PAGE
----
I Pv6 Nd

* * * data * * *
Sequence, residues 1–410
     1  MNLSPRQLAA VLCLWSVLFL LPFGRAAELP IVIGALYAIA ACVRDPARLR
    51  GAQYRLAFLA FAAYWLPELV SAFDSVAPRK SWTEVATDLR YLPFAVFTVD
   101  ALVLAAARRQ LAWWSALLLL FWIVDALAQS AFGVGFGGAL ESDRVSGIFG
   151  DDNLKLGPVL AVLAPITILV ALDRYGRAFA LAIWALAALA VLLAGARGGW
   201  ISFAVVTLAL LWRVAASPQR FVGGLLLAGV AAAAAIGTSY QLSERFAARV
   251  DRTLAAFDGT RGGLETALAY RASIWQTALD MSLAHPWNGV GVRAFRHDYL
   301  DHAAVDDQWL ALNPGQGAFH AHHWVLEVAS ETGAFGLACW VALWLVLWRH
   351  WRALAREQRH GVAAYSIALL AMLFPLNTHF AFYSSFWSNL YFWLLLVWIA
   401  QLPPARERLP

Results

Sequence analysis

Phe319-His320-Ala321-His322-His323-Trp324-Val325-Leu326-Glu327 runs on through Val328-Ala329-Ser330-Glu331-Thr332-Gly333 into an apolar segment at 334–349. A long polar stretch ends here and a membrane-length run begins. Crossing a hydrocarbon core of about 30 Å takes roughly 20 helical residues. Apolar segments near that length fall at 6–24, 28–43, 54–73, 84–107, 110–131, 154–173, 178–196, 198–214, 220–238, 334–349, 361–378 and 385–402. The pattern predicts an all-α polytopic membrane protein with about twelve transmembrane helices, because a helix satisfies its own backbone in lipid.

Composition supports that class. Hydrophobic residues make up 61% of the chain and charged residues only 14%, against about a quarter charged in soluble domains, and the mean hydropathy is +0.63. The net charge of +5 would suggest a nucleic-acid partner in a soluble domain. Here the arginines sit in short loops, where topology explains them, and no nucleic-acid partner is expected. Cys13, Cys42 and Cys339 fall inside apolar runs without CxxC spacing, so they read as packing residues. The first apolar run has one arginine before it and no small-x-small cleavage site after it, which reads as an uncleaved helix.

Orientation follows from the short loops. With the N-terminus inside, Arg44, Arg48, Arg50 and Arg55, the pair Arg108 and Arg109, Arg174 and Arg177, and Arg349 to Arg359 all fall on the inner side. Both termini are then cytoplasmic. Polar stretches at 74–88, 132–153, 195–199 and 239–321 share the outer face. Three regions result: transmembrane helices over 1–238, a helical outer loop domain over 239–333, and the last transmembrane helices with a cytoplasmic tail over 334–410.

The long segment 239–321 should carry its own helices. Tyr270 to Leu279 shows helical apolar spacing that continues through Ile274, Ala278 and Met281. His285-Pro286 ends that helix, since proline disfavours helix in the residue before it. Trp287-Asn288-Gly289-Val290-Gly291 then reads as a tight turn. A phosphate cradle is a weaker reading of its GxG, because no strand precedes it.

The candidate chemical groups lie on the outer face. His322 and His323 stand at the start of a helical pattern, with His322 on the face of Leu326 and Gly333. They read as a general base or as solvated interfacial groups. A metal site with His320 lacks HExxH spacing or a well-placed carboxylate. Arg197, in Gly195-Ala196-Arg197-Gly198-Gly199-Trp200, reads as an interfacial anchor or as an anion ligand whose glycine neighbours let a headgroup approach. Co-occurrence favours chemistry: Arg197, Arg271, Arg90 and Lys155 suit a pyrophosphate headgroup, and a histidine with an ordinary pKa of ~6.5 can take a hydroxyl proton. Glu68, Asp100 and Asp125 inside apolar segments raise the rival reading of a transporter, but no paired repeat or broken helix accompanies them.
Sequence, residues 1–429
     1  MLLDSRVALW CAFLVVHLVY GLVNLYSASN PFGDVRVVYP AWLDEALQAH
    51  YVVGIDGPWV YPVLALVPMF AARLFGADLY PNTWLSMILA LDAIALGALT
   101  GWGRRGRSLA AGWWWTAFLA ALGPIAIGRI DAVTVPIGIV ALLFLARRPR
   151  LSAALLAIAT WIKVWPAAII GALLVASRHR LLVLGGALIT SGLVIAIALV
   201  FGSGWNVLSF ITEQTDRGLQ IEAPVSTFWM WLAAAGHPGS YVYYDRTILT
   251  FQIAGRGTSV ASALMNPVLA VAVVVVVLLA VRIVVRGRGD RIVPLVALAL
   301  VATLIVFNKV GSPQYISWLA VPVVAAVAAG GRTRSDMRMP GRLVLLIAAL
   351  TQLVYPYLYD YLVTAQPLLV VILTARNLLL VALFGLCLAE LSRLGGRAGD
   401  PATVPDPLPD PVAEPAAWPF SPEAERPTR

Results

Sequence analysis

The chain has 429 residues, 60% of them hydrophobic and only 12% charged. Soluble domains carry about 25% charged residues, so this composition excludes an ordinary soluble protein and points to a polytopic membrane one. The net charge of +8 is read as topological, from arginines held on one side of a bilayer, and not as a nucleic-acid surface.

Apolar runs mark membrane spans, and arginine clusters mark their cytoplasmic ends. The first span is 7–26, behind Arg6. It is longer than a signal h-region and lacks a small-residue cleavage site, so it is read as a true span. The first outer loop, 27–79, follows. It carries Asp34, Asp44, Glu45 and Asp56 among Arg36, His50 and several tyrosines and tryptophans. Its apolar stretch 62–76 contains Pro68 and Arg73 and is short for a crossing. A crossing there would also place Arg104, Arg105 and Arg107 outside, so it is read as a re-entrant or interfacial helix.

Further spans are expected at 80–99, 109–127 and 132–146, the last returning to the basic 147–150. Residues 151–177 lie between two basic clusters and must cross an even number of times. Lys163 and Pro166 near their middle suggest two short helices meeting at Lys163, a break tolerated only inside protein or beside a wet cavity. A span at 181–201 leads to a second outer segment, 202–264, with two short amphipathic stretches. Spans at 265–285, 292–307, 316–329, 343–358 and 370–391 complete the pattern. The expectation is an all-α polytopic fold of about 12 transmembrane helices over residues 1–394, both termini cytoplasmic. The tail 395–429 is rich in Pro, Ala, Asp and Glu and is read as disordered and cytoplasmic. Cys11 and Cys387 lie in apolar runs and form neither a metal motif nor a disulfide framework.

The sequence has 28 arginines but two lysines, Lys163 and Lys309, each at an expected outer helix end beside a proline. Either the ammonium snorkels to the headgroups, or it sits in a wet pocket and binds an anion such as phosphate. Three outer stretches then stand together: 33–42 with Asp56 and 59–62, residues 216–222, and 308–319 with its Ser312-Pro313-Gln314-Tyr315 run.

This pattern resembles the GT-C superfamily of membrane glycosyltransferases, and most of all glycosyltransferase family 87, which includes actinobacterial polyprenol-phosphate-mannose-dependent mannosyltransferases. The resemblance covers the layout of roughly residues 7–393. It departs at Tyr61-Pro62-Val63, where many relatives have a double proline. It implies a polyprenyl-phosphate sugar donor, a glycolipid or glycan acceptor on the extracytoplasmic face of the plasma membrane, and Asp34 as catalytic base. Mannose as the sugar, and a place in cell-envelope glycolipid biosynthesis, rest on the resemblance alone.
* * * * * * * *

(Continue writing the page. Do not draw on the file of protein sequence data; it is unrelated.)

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Unit 2 Of ACN